How’s your inner critic?
If that voice is running rampant in your head, I’m going to show you how to think logically, and use logical thinking to suppress your negative thoughts.
First, the scenario
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It’s Monday morning, and you’ve snoozed the alarm at least five times…now you’re running late for work. Your mind is on autopilot – and out comes the running commentary.
“You shouldn’t have stayed up so late last night. You knew you’d sleep in, but you stayed up late anyway. You’re so stupid!”
You scramble out of bed, and race to the kitchen looking for a quick breakfast.
That inner critic says “Now you don’t have time to eat, you’ll just have to go without breakfast and hope that nobody notices you’re so late.”
So you throw on some clothes and shoes, then run out the door and do the commute to work, cursing the traffic and realizing you’ve forgotten to take some important papers. Sigh.
As you walk in the door to your office, your inner critic pipes up again, with a smarmy little comment. “Now everyone is going to look at you as you do the walk of shame through reception!”
After all that, you slump into your chair, resigned to feeling tired, miserable and defeated. And it’s only 9.30am on Monday!
What’s really happened is this – you slept in and were late for work. The end.
But your emotional, self-defeating inner voice has sabotaged your mental wellbeing and you’ve spent the morning beating yourself up about it – and then taking on board all those self-criticisms…for no tangible benefit.
Yep, no tangible benefit.
Negative thinking like this tends to be automatic
It could be the voice of your mother, a sibling, a friend or teacher. One of these people, or a combination of them – or some sort of social or cultural influence – has taught you how to label, judge and criticize yourself, so it’s become a natural habit.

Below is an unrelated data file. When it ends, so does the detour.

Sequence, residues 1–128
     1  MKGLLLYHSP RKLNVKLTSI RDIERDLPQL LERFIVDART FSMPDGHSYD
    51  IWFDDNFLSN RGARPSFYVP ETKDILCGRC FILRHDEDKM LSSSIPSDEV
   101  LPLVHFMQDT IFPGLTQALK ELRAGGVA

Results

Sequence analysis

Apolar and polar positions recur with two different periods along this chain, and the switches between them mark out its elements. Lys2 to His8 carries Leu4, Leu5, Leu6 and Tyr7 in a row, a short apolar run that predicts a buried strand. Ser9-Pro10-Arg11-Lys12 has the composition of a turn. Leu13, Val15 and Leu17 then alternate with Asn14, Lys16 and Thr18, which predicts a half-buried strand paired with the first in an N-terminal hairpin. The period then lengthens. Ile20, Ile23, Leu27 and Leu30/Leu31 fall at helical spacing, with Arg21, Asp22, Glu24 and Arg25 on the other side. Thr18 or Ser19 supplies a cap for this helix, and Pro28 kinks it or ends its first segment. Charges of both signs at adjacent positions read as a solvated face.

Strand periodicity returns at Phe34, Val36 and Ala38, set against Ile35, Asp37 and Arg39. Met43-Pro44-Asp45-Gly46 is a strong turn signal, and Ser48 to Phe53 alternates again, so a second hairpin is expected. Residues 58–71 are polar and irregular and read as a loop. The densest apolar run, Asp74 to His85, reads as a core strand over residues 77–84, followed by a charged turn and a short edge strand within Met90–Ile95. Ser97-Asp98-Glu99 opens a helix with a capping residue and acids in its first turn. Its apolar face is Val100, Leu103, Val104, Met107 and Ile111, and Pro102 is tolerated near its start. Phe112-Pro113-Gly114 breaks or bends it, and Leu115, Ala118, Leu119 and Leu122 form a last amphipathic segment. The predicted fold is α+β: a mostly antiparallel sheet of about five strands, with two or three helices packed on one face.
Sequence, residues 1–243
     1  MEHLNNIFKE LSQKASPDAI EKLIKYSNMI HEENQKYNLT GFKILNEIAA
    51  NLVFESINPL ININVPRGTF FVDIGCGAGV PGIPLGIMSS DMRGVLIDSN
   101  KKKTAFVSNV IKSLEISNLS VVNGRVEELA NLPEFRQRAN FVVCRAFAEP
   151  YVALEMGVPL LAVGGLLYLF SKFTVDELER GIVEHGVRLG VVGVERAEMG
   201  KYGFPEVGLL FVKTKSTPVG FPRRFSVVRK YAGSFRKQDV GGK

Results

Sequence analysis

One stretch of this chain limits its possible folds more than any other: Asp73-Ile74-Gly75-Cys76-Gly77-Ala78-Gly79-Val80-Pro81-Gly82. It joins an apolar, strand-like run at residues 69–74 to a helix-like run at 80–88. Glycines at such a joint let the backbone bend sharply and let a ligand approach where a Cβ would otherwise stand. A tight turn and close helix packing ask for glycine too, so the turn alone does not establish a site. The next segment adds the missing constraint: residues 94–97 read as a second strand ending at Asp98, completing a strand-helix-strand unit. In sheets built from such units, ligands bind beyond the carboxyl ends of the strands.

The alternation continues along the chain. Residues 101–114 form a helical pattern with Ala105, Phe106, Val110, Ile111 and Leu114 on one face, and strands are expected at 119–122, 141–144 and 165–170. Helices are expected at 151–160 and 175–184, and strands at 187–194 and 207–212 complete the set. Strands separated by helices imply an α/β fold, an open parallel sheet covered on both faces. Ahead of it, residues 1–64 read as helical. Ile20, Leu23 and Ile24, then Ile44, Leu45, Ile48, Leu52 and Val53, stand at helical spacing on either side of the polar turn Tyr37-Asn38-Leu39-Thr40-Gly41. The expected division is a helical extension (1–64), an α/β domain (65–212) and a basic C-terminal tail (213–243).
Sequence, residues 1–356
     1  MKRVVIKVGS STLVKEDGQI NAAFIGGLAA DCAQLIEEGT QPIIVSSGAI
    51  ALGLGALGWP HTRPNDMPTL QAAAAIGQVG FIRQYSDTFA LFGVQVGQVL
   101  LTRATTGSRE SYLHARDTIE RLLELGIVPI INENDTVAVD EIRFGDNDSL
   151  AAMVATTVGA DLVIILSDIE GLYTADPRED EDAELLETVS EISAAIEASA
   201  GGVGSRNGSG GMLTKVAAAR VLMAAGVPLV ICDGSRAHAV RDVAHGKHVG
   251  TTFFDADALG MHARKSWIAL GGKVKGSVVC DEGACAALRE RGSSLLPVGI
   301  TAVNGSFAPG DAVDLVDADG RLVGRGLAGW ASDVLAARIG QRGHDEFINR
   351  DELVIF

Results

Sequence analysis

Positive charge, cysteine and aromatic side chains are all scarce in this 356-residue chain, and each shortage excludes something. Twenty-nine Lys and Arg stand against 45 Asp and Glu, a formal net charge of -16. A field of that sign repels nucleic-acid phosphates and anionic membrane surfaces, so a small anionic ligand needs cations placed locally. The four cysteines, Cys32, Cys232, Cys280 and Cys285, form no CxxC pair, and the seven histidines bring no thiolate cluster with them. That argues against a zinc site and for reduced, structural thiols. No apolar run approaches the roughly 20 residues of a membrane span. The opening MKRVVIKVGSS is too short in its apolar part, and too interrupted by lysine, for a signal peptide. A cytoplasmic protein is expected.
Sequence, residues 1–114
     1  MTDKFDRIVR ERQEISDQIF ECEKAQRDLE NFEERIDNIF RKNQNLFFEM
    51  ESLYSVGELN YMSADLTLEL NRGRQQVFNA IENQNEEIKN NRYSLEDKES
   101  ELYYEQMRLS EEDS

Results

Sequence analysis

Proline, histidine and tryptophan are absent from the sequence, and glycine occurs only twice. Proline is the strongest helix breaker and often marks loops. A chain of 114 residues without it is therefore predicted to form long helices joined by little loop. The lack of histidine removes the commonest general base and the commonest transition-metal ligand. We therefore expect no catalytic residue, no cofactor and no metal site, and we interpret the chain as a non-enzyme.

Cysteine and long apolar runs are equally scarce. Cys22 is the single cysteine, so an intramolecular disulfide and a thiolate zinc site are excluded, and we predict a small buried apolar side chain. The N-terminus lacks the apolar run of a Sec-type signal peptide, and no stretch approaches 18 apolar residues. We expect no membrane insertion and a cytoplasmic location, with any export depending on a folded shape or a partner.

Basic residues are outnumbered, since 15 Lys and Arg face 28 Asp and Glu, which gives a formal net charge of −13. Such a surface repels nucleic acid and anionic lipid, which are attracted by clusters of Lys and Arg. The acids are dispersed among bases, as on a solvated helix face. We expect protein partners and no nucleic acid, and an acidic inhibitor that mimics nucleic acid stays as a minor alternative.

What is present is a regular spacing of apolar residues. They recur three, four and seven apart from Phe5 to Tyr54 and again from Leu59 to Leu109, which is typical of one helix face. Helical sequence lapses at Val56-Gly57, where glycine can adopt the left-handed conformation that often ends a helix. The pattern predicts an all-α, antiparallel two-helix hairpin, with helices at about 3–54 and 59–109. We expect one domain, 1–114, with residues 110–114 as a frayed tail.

It feels normal for you to talk to yourself like this.
But at the same time, this negative thought cycle makes no tangible difference to your daily habits, and it has no positive effect on your mood, emotions or wellbeing.
In fact, these automatic negative thoughts are just a big energy drain.
So, how do you get out of this cycle and turn your thoughts around?
How to think logically
It would be nice to think you could simply suppress your negative thoughts, but really, that’s only a temporary solution.
Sure, you could push those negative thoughts to the side by distracting yourself with something else, but in reality, it doesn’t necessarily stop the pattern of thoughts from being triggered in the first place.
The easiest way to deconstruct the negative thought patterns is using a technique based on logical thinking, called “Socratic questioning,”(after the philosopher, Socrates).
This is described in Sarah Edelman’s book called Change Your Thinking (1). Changing these negative thought patterns is a three step process.
Tomorrow in Part Two of this article I will walk you through the Three Step process to change negative thoughts.
Your beliefs dictate your thoughts and actions – I will teach you how to recognise and alter these faulty beliefs as a starting point for change.
Connect with Expert Melanie White
– Edelman, S, (2002), Change Your Thinking (II), Positive and Practical Ways to Overcome Stress, Negative Emotions and Self-defeating
– Behaviour Using CBT, Harper Collins Publishers Australia, NZ, India, UK.